Staff get ‘Right to Disconnect’

Published: Friday 23 September 2022

A council worker looks on as a machine breaks up the existing surface to prepare the road for resurfacing

South Lanarkshire’s council employees are to be the first in Scotland to get the “right to disconnect” outside working hours.

An additional wellbeing day is also being offered as thanks for their hard work to support local communities during the pandemic, as part of a number of new measures brought forward by the South Lanarkshire Council administration.

Other measures include additional time off for paternity leave and more support for those who experience loss during pregnancy or who are undergoing fertility treatment.

Council Leader Joe Fagan said: “Our staff have been on the frontline during some of the toughest times we have all had to face, and I am so proud of the work that has been done, from literally making sure hungry people got fed, to helping our communities become more resilient.

“That is why we have developed this ‘New Deal for Employees’. It makes it clear that we want South Lanarkshire Council to be more than just a good employer – we want our staff to feel valued for the work they do to support local people and businesses.

“We also want to be an example to other employers, and to show the benefits that everyone can get if they treat their staff well. It was easy to say ‘we are all in this together’ during the pandemic, but that remains just as true now, with a cost of living crisis, and we need to demonstrate this clearly in the way we treat our workforces.”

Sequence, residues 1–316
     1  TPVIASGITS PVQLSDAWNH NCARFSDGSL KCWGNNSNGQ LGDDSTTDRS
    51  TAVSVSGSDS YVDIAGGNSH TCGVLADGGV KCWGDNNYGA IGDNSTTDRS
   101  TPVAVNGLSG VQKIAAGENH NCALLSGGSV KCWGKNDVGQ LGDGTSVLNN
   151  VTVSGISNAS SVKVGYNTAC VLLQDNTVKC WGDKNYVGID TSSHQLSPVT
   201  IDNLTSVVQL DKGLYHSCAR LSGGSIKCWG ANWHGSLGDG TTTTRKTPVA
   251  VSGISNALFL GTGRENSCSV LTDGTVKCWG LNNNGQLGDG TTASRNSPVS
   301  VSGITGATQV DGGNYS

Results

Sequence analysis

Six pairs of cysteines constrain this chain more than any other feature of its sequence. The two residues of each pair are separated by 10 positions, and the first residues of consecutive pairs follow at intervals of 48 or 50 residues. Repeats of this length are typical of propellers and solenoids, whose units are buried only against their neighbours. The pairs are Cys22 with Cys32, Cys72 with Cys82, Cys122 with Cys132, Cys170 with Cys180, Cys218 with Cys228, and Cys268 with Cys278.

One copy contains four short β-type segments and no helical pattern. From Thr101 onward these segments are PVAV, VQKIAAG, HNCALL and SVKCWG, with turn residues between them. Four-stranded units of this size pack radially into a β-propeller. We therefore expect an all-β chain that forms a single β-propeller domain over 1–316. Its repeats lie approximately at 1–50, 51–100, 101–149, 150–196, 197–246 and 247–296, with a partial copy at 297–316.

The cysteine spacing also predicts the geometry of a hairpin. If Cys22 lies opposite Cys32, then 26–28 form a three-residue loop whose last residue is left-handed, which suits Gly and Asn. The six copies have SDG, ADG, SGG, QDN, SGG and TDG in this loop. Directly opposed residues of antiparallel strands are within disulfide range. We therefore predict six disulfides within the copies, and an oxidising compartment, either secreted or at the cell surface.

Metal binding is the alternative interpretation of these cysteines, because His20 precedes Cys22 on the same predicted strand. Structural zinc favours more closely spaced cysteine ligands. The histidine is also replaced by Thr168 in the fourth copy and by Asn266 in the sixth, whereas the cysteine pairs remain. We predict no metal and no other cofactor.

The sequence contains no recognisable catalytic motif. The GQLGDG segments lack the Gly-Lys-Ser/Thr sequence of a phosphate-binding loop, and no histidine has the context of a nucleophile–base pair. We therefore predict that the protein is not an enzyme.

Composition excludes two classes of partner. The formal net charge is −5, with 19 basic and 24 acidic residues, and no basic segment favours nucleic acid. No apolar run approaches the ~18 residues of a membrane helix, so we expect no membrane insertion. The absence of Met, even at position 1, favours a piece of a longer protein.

The changes to employee terms and conditions were approved at the Executive Committee on Wednesday, with the new Right to Disconnect policy thought to be the first of its kind at a Scottish local authority.

The report to committee noted: “The pandemic has expanded the number of employees accessing work remotely and, as a result, there are instances of employees blurring the line between home and worklife in a way which is not conducive to good mental health and wellbeing.”

The new policy will encourage staff to work flexibly, with no expectation that they will respond to non-urgent emails or other communications outwith working hours.

Staff will be encouraged to do something to strengthen their mental health during an additional Wellbeing Day, awarded “in recognition of the difficult years experienced”. The day will be awarded on a one-off basis.

Improvements to paternity leave and arrangements for employees undergoing fertility treatment were also agreed, and the council will sign up to the Pregnancy Loss Pledge, to provide further support to those who experience loss during pregnancy.

The council will also take forward a request from the Scottish Government Public Sector Pay Policy 2022 to consider pilots of a four-day working week. The committee was told research suggested such conditions could maintain productivity while developing a more rested and engaged workforce.